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Well written show, great actors. The subject matter is very deep & makes you think. Eric McCormack is excellent in this role. I don't think they had to add Scott Wolfe to the mix & push him in our face this season. Even though I like Scott as an actor, Perception doesn't need him. It's just fine without him.
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3 of 3 people found the following review helpful By Kindle Customer on October 7, 2013
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The first season was just interesting enough to keep me watching to see where the writers were going. The show fits a popular structure: smart guy with a quirk, problem, talent, works with a cute, beautiful, detective to help her solve crimes. Usually homicide. In this case the doc talks to people who are not there. He has a mental problem. He talks to these non-existing people and usually gets input from them that helps solve the case. Good enough for the first season and to rate a second season. The writers are now smart enough to kick it up a notch or two for the second season.

Natalie, one of the Doc's regular hallucinations, appears as a real person. Only she is not Natalie, she is someone the Doc has seen for a brief moment a few years earlier. This becomes a couple of the best episodes in the series and does open doors to an interesting direction. The second season also introduces a new character: the cute cop lady's soon to be ex-husband. Definitely time to broaden the cast and this works. It gives the cute cop lady, who has been pretty bland so far, more to do and more interesting screen time. In the final episodes she finally gets away from just being the Doc's straight man and takes charge. In the second season an interesting series has become a good series.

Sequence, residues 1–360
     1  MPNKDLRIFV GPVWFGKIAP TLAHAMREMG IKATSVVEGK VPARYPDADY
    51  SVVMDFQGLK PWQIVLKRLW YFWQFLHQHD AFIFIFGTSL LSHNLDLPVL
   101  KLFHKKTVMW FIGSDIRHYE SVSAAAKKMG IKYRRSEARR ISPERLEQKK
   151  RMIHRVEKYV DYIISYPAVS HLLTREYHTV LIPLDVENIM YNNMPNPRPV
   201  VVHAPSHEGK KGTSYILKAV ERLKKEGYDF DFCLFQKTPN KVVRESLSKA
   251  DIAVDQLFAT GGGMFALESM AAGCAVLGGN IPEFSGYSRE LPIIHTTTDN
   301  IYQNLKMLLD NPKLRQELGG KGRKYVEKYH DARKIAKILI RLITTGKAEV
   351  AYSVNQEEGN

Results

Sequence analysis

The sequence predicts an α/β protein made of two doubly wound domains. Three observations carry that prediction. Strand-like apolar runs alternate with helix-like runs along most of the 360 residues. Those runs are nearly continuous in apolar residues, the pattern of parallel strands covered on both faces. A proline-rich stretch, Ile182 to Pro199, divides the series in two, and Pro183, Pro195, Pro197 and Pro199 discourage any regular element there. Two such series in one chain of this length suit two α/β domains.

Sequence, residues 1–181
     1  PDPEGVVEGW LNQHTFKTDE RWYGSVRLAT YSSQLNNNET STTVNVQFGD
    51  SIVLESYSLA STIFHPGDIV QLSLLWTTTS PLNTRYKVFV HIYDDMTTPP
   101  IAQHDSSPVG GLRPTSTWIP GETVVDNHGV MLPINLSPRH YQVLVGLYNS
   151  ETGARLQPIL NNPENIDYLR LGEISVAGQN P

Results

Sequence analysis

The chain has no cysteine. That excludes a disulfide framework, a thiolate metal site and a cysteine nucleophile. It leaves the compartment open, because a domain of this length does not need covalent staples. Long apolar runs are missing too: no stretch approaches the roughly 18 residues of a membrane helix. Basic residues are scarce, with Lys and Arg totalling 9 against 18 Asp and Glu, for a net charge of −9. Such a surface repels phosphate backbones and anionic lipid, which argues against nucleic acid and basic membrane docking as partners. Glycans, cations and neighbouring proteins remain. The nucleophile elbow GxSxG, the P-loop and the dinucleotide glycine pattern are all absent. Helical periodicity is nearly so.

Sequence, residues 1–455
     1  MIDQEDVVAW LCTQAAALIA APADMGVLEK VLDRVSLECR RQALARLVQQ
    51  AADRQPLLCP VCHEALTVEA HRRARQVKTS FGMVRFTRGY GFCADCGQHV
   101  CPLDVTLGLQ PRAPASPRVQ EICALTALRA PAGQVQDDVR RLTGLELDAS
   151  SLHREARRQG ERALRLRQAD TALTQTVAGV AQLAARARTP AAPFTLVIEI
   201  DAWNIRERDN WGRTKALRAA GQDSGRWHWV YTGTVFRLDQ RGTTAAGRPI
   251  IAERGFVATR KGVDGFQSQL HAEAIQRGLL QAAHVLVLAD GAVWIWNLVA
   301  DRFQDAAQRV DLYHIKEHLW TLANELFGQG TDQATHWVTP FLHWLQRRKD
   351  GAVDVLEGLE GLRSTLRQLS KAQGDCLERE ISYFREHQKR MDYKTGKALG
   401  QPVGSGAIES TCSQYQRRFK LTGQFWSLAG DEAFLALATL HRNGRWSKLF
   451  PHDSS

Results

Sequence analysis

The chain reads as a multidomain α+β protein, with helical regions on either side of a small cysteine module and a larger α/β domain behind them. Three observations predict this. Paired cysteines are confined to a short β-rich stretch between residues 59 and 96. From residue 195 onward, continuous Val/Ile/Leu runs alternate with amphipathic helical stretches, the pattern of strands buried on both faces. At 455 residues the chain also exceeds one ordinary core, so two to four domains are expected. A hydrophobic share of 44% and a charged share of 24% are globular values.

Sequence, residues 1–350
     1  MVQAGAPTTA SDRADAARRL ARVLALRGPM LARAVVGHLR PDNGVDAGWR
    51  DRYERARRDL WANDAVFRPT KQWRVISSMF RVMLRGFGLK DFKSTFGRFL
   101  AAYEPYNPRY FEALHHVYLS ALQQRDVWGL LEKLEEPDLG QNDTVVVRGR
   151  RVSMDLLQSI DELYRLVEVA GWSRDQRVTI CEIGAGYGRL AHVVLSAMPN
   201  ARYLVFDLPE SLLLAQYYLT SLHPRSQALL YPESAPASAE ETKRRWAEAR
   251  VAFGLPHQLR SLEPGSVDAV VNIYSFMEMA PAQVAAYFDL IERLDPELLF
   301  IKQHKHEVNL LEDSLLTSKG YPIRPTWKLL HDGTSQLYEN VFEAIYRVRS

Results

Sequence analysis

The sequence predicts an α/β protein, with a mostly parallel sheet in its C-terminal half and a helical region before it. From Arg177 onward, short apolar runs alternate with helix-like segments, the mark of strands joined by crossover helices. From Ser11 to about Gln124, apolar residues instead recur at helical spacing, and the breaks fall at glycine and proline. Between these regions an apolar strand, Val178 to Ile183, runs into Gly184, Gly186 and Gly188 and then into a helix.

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1 of 1 people found the following review helpful By Michelle (Michy) Devon on September 26, 2013
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Okay, some of the stuff they use for plot points takes some 'talking points' from things that are in the headlines of news stories and such, which is kind of cool, to be on top of current events and work them into the storyline, but some of them are really a stretch for believability. Some of the mental disorders he knows about are... well, they're real, but the way they're used in the story are not the way they really happen.

Thinking about the one episode when the girl came back from war and she was unable to talk, but he found that, just because of a certain droop to her face, she could sing! Wow! Yeah, not buying it. Yes, the condition is real (yes, I looked it up--I'm one of 'THOSE' people) but it wouldn't manifest in such a way that he'd be able to tell just by looking at her face.

This was just one example. It's not that the conditions shown are not real, they are... but the way he is able to 'diagnose' them and tell that this is what someone is suffering from an using that to solve crimes just takes a stretch for me to believe.

However, for the sake of wanting to be entertained, I sometimes allow myself to watch the show without yelling at the television, "Oh, come on!" (Okay, so I don't manage to do that, but at least when I'm yelling at the TV, my family is laughing at me while we watch the show.)

So if you can get past the suspension of disbelief issues, Eric McCormack's performance is really quite brilliant. He plays 'crazy' quite well, and unlike some of his post-Will & Grace work, this one seems really suited to his character as an actor--he just plays this part well, and believable in the struggles that a man, a brilliant man, can be limited by but not stopped by his psychological conditions.